Thursday evening.  Motorhome packed, Scott picked up.  On the boat at 19:45, docking at 23:15.  An hours drive and then an overnighter outside Carlisle.  24 hour Tesco for the essential over purchasing of food and then here we come Fort William to the infamous No Fuss Events 10 under the Ben.  Arrived mid afternoon after a lovely lunch at the Real Food Stop in Tyndrum.

Essential natter with Spook and we were on Manx Mound just by the rocks of doom ascent.  Out with the Manx 100 gazebo and then finally, at last, perhaps we can get a lap in.  Not yet, as the remainder of the Manx Contingent turned up and more nattering and comments on the lap – awesome, mega, brilliant, were words used by all.  Genuine excitement and with the weather perfect for a late April event it was going to be bloody fantastic.  At last, a lap.  A tootle, don’t want to get everything too hyped up yet.  10 hours of racing tomorrow would be fine.  Evening meal, sign on, early night.

Porridge, and then the essentials.  Taking the mick out of the other lads, getting nervous and anxious as 09:30 came closer.  Asked Frazer to mention the Manx 100 at the rider briefing, he passed the mike to me…..  British Cycling National Marathon Champs over the 100km route, Manx National Marathon Champs over the 100 mile route.  16,000 feet of climbing and descending.  I could go on, and did.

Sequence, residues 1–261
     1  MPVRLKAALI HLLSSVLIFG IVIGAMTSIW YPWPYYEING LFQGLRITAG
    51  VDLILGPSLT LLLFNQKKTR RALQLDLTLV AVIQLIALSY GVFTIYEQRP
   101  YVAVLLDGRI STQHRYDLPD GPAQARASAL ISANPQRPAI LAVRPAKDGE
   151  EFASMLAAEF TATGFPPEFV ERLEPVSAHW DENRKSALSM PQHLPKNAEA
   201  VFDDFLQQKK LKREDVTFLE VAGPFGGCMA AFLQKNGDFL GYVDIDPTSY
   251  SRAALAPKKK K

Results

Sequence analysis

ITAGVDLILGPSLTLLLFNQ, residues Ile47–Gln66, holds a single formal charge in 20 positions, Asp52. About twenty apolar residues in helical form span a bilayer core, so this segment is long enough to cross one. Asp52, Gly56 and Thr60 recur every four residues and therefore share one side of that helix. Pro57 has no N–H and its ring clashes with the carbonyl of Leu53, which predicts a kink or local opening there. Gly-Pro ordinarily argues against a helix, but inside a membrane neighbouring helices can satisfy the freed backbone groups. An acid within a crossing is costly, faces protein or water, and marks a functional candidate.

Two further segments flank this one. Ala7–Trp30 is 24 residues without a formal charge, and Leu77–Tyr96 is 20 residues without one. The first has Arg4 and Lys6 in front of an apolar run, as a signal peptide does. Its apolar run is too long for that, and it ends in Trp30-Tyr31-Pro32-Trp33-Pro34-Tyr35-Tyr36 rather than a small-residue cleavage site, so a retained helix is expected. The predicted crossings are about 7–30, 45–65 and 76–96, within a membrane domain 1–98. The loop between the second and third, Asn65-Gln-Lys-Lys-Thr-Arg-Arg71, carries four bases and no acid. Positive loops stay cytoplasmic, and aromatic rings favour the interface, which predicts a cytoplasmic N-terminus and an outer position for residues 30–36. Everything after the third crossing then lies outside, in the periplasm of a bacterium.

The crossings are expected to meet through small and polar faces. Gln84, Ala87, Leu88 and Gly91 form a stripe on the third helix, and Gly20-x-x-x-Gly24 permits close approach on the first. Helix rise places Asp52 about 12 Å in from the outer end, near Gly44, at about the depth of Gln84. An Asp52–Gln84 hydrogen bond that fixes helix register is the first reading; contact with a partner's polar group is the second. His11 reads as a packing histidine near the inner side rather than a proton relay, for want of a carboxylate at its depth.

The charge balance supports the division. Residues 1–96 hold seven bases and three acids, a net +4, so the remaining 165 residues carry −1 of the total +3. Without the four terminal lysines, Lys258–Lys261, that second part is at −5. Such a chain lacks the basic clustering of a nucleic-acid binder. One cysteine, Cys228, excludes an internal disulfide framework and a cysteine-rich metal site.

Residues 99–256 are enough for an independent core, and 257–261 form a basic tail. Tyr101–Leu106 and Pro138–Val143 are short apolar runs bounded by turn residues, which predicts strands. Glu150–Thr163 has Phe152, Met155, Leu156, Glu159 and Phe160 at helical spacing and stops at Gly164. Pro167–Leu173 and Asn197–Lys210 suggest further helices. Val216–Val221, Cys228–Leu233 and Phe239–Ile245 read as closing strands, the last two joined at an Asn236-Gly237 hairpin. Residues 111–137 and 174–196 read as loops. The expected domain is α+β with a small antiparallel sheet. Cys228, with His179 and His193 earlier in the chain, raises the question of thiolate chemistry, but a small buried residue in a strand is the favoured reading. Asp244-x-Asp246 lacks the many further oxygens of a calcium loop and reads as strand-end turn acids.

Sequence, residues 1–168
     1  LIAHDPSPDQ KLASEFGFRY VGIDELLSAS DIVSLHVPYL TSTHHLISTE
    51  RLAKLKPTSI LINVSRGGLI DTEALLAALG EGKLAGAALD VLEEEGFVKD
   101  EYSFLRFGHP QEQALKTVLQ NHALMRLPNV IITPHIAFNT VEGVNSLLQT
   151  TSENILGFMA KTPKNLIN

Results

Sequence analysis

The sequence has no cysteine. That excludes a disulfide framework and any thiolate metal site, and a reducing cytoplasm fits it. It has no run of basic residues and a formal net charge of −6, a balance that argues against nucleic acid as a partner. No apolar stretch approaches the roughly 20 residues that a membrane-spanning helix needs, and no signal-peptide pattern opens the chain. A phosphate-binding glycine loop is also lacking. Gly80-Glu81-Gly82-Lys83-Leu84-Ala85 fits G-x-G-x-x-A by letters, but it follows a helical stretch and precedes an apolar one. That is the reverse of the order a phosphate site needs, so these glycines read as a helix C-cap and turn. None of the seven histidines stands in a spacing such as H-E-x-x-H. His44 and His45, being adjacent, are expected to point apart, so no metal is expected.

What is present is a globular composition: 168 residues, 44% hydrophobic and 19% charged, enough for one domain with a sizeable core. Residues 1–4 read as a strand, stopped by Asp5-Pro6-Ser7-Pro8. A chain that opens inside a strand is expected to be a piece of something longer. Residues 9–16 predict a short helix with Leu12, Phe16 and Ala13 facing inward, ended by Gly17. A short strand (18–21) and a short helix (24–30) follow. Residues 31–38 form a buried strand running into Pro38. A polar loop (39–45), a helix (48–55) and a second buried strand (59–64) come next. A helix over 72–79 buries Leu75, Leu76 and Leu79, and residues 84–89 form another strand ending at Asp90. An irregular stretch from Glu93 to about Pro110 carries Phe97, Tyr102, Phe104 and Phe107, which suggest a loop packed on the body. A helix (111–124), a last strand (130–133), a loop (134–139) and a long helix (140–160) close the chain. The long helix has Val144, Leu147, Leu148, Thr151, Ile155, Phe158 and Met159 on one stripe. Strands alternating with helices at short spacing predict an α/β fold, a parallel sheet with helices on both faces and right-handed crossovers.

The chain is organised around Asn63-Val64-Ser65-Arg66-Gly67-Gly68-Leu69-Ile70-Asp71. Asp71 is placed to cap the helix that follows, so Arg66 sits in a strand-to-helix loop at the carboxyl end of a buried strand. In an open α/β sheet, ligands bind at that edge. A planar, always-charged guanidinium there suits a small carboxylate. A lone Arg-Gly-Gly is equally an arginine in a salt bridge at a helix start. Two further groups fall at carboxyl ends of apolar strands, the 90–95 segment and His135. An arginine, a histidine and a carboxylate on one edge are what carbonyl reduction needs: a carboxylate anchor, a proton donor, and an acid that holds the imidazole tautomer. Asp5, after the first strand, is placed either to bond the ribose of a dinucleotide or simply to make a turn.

As always on this event, it’s a self selecting peloton, so I put myself near the front, not to near, but not far away either.  Behind the bag piper as he slowly walks out of the car park always gets the hairs standing up on the back of my neck, and then the speed increases as we follow the motorbikes and the speed increases further until finally we turn right into the track and it’s a go.

The race is always a hard thing to describe, but on this shortened first lap, I was feeling pretty good, but obviously trying hard to ride inside my zones.  Yeah right.  I was 6th fastest solo over that lap!!

Lap 2, and the first full lap.  Around the far car park and through the stream crossing, with its spectators looking for the spills.  The fastest solo’s pairs and quads were already away so it was already thinning out and stretching.  Luckily no one stalled in front of me at the water.

Then straight into some nice singletrack through some trees and down the steps and THE slab.  Only scared there once when the bloke in front of me got off at the lip as I was heading down the steps!  Some rolling fire road before one of my favourite sections.  Singletrack into the woodyard, just awesome.  Another great section cumulating in a slingshot downhill (bottle graveyard as the day went on) and an always hard to see left as your eyes rattle and then a right through some mud.  A few water splashes and then more singletrack downhill before a right turn onto fire road.  This begins as a rolling section and then turns right into a hill that only gets harder as the day extends.  It feels like Frazer and Spook just add a degree of two of incline after every lap.  Its hard to start with, but the suffering just keeps on coming.  A right turn into some more singletrack, deceptively uphill / flat / headwind every time.  It’s a bit that just drags for me.  A further fire road climb and then into an uphill singletrack climb that starts the adrenaline pumping as at the end of this is an awesome downhill section, bermed, rocky, fast, just great.  And back to the main car park.

Up the rocks of doom past Manx Mound!